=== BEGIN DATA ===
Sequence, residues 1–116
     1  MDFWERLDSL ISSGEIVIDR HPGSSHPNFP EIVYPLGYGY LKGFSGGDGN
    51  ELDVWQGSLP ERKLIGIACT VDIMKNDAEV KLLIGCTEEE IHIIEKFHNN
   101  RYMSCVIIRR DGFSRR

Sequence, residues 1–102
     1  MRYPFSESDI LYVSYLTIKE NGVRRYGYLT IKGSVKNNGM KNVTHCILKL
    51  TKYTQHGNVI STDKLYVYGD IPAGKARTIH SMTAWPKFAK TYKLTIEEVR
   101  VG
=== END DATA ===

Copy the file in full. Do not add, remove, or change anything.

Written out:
Sequence, residues 1–116
     1  MDFWERLDSL ISSGEIVIDR HPGSSHPNFP EIVYPLGYGY LKGFSGGDGN
    51  ELDVWQGSLP ERKLIGIACT VDIMKNDAEV KLLIGCTEEE IHIIEKFHNN
   101  RYMSCVIIRR DGFSRR

Sequence, residues 1–102
     1  MRYPFSESDI LYVSYLTIKE NGVRRYGYLT IKGSVKNNGM KNVTHCILKL
    51  TKYTQHGNVI STDKLYVYGD IPAGKARTIH SMTAWPKFAK TYKLTIEEVR
   101  VG